• Pingback: Reality Check: Climate Change | Reality Base | Discover Magazine()

  • Ian

    Jennifer, practically everything humans do is unnatural. We fly, we use electricity, we use plastic, we build, we go into outerspace, we write, we use medicine, practically everything is unnatural. The thing is, most of what humans do is actually very good. You just hear more about the bad stuff. Sure, introducing a new bacteria into a cow might have negative side effects, but thats why you do tests first. Should the Wright brothers not have invented the first air plane since some day they might be used to destroy the world trade center? The idea that we have to keep in mind here is to be careful, but not fearful. Progress only comes if you are brave enough to change. Backwards change that many seem to promote by claiming they want to go and let nature take care of things is not a great idea either. It is nature and not man who have caused the worst extinctions on this and any other planet and it is ONLY man and not nature who can prevent future ones.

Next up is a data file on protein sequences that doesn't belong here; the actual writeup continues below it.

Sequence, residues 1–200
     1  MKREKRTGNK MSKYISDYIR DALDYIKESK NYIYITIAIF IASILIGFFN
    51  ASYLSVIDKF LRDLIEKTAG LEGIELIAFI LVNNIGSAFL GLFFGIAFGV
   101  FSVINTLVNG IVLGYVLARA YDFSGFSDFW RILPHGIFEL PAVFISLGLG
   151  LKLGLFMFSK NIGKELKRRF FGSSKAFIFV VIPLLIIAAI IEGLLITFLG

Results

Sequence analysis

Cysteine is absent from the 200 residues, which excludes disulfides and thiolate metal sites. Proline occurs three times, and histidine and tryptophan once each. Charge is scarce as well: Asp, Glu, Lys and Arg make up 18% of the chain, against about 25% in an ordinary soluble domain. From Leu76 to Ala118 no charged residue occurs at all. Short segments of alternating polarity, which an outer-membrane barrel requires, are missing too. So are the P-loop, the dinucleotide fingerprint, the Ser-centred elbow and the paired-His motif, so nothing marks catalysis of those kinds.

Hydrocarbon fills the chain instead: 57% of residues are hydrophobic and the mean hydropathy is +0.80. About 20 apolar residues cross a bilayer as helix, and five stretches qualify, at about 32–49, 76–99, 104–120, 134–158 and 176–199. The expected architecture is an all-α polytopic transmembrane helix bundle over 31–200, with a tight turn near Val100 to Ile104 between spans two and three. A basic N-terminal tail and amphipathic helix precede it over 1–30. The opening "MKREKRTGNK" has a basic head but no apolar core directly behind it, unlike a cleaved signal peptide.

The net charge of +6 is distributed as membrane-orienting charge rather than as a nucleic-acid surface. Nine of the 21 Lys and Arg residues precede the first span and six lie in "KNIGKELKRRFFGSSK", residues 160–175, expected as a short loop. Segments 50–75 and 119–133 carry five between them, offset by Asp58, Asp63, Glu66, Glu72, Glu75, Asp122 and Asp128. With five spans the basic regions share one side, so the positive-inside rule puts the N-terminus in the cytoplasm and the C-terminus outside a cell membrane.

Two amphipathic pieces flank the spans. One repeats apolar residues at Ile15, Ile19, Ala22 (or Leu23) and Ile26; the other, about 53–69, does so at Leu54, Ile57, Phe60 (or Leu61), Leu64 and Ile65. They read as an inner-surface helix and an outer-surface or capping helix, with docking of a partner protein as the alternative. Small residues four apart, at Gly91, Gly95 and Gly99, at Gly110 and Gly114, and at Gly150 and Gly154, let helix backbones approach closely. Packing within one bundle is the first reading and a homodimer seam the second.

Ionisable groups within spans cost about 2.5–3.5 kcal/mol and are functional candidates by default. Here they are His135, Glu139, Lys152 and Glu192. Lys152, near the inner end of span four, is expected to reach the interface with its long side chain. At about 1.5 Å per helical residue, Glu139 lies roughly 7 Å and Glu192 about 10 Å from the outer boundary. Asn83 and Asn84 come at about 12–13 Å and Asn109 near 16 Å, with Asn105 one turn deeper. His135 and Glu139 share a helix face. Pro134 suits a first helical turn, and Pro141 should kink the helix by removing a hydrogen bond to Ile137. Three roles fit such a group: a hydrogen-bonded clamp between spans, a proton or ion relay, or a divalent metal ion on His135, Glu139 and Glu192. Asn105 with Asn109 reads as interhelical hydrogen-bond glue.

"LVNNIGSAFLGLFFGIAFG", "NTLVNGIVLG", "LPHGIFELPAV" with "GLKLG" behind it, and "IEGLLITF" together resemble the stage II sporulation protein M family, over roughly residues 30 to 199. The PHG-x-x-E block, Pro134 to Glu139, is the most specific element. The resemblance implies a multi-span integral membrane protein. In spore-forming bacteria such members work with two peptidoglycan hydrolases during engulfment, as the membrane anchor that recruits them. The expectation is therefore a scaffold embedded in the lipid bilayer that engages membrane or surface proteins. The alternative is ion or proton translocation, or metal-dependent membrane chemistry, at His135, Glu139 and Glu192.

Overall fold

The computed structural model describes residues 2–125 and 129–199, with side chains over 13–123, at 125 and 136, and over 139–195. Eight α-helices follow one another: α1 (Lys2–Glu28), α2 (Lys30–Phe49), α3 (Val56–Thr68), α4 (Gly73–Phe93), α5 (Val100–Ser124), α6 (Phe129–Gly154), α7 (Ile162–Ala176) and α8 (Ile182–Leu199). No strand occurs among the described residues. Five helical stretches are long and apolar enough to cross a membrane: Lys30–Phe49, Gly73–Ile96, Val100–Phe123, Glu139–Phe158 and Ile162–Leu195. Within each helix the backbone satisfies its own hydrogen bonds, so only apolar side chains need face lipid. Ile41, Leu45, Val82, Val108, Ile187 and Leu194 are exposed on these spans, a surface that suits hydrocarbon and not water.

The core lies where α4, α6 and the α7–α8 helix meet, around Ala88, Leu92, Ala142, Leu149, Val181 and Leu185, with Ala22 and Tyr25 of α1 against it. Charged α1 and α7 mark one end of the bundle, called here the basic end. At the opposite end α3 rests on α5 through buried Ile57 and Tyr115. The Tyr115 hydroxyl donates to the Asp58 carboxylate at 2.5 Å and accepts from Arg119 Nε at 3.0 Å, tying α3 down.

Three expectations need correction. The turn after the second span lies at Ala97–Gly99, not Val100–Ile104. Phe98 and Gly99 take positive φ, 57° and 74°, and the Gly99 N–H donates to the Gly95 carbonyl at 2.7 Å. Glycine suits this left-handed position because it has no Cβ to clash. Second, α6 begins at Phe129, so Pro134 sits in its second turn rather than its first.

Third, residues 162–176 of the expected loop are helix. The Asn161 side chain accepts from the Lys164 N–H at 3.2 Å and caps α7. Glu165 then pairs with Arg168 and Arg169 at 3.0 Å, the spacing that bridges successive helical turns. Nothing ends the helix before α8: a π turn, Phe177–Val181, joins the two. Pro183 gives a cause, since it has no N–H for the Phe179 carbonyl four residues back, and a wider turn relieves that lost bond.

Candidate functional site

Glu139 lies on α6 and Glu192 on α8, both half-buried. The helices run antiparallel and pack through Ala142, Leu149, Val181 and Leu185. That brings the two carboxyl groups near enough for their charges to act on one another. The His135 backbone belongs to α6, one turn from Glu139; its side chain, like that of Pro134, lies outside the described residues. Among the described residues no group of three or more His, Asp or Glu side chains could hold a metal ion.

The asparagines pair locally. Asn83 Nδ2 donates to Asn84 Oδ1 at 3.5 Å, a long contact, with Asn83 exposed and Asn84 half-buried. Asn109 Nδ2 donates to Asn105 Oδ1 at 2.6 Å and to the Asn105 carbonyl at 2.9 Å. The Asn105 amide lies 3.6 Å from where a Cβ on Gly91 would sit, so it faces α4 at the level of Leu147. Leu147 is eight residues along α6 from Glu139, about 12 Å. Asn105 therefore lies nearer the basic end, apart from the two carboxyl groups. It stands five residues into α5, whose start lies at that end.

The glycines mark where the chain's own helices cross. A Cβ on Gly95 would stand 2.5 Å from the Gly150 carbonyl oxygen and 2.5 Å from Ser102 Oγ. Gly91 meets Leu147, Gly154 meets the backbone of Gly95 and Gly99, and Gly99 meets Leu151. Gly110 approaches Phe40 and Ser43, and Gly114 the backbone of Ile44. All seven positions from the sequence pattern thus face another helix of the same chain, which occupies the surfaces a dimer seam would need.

As far as population growth goes, the best thing we can do to stop population growth is to rebuke religious teachings that teach that birth control is a sin, and by eliminating poverty. These are the leading causes of population growth everywhere in the world. All the industrial first world nations have a steady birth rate like the US (Its population continues to grow but via immigration not birth rates) or they have declining populations as much of Europe does. The third method is China’s effective but ugly enforcement of 1 child laws.

  • Susan Lee

    What Ian says about population growth makes sense: educate people that birth control is not a sin and eliminate poverty. But the amount of greenhouse gas emissions is linked to consumpton, not simply the number of people. Greenhouse gas emissions is determined by both the number of people (more in developing countries and growing rapidly) and per capita emissions (much greater in the US and industrialized nations). An additional baby by a Sri Lankan woman contributes far less to global warming than a baby born in the US. High consumpton is the problem. Having a second baby the US causes greater harm to the environment than having multiple babies in Sri Lanka.

  • hollyann

    i think everyone just needs to calm down! its an on going problem and there is no way we can take back what has ocurred in the past. STFU!


Discover's Newsletter

Sign up to get the latest science news delivered weekly right to your inbox!


Quirky, funny, and surprising science news from the edge of the known universe.

See More

Collapse bottom bar